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Inclusive growth still not in reach as development gaps persist — study


Inclusive growth: PeruThose in the bottom 40 per cent in Peru saw a bigger economic improvement than the national average.

Inclusive economic growth is the exception rather than the norm, findings from a new global study suggest. Those on the lowest incomes in countries around the world have seen less improvement in their economic situation than their fellow citizens have over the last 10 — 15 years, according to the results.
Ten countries in the Oxford Poverty & Human Development Initiative and UNDP analysis had data tracking the comparative growth of the income or consumption of the poorest 40% of their populations. Only two of these, Peru and Vietnam, saw higher growth in income or consumption for the bottom 40% than the average for their respective national populations over periods of between four and eight years for which data was available.
Average annual growth in income or consumption per capita in Ethiopia and Pakistan far outstripped that of the bottom 40% of their populations, the research report says.
The Global Multidimensional Poverty Index 2019, developed by the OPHI and the UNDP’s Human Development Report Office, considers a range of indicators on living standards, health and education. This is motivated by the Sustainable Development Goal 1 objective to end poverty in all its forms and dimensions, not only monetary poverty.
First developed in 2010, it delves into the complexity of poverty reduction in 101 countries and allows progress to be tracked over time.
When looking at Multidimensional Poverty, all but one of the 10 countries selected for the analysis to compare comparative progress showed more inclusive development than when looking at incomes or consumption. The bottom 40% improved their Multidimensional Poverty scores faster than the total population in these nine countries, significantly faster in both India and Cambodia.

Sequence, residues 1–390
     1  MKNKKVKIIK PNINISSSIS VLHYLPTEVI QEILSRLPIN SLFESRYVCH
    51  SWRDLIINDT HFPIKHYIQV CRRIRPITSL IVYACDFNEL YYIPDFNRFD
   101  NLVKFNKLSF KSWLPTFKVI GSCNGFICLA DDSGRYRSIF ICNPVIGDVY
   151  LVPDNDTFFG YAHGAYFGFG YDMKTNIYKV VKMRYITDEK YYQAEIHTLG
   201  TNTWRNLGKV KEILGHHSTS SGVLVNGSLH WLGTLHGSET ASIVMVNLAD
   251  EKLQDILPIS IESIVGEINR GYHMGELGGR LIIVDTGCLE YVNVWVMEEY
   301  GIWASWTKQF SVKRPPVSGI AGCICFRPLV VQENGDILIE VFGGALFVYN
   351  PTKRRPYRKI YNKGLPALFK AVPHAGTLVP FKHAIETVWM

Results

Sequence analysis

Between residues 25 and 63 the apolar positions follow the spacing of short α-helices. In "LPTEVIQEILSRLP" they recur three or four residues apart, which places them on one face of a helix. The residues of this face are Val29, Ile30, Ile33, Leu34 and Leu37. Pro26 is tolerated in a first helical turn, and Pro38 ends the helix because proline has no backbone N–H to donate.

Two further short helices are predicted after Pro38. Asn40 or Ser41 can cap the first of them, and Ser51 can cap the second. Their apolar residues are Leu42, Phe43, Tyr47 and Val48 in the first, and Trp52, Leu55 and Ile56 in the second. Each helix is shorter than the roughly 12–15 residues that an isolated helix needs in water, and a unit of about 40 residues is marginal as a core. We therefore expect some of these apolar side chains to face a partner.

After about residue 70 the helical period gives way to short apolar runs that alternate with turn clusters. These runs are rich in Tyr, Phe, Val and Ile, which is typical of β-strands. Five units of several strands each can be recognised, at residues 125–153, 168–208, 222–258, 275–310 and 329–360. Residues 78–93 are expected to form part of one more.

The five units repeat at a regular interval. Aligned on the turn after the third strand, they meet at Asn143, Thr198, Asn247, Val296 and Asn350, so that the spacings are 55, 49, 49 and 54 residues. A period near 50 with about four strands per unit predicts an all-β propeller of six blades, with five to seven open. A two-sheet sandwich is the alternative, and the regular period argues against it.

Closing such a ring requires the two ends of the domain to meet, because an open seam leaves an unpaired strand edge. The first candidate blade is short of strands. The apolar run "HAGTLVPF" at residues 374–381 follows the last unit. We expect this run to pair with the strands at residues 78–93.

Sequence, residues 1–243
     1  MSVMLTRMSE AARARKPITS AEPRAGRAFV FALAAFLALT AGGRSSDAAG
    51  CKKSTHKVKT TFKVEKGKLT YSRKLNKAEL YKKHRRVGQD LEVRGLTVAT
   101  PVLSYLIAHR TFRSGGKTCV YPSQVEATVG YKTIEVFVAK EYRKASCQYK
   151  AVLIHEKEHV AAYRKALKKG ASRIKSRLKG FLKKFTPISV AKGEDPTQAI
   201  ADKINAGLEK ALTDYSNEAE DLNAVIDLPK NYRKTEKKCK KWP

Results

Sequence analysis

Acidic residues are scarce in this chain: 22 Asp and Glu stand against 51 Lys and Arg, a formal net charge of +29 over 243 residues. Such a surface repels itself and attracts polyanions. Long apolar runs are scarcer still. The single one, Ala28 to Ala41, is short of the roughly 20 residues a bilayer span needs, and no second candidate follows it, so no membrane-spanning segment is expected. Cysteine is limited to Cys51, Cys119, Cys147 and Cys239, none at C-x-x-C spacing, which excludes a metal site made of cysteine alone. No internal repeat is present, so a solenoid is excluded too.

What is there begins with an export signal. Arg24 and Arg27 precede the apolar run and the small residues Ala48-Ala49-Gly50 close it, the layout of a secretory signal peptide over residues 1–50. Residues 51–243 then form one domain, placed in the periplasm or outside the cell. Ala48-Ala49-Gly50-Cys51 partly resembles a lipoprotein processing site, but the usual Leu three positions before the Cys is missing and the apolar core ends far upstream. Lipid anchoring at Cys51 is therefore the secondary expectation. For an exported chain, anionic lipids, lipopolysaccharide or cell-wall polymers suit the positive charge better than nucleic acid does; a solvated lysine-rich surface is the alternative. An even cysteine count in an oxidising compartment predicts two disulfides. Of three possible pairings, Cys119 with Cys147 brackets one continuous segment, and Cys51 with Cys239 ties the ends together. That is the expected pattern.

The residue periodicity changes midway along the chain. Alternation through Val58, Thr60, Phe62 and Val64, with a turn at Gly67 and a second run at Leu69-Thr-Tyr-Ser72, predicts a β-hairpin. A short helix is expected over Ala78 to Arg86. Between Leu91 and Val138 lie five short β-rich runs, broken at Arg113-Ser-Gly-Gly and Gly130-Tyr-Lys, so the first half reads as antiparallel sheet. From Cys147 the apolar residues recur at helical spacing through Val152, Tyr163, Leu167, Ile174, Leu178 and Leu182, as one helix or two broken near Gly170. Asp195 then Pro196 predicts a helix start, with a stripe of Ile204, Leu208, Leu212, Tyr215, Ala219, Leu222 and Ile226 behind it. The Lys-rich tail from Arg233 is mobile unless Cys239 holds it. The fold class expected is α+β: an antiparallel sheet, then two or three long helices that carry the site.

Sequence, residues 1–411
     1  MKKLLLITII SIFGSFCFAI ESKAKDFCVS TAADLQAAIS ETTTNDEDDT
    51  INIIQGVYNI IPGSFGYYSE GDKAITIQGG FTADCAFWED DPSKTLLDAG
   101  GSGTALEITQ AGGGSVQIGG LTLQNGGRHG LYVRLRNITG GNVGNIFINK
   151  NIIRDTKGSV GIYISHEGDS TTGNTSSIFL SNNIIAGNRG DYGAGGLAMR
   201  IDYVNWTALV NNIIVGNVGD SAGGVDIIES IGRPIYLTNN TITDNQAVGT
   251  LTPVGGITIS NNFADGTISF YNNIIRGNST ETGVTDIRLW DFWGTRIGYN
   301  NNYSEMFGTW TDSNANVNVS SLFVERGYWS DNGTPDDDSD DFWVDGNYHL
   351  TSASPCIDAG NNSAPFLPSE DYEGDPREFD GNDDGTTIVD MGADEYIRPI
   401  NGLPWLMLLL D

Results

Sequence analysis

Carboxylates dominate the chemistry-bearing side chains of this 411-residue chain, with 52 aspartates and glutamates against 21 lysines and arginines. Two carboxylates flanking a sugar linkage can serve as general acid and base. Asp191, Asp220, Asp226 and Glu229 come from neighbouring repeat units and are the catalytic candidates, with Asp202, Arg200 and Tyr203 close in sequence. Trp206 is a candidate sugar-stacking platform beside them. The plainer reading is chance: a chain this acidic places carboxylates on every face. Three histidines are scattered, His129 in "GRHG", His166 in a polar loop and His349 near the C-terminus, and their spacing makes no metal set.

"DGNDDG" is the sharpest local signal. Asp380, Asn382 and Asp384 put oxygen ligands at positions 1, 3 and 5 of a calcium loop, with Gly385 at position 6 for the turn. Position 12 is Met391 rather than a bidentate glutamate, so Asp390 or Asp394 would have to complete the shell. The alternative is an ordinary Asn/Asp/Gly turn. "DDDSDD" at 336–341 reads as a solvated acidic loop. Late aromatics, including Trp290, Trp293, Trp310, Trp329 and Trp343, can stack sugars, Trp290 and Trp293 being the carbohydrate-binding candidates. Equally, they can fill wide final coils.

However, such averages mask variations for different groups of people within each nation. The data is disaggregated by region and by age group within nations. This shows patterns of development with the poorest regions reducing multidimensional poverty the fastest in absolute terms in India, and in Ethiopia urban areas progressing faster than rural areas.
Disaggregating the Global MPI by age reveals inequality across age groups, with children under 18 bearing the greatest burden of multidimensional poverty. Half of those in multidimensional poverty are children, and a third are children under 10. Children were also far more likely to be deprived in every single one of the MPI indicators.
The data also identifies inequality within households. In South Asia, more than a fifth of children under the age of five live in households in which at least one child is malnourished and at least one child is not.
Bjorn Gelders, Senior Social Policy Specialist at Development Pathways, commented: “This data chimes with our own findings from South Africa to Indonesia that development is often leaving too many behind — especially children — and provides a clear call for inclusive development.”
“It underlines the need to make a robust case for inclusive social protection as an investment in people.”
A discussion of the findings will be live-streamed on 17 July at 1:30pm EDT. Bjorn Gelders will be one of eight global social protection experts delivering training in convincing policymakers to invest in inclusive social protection in November.


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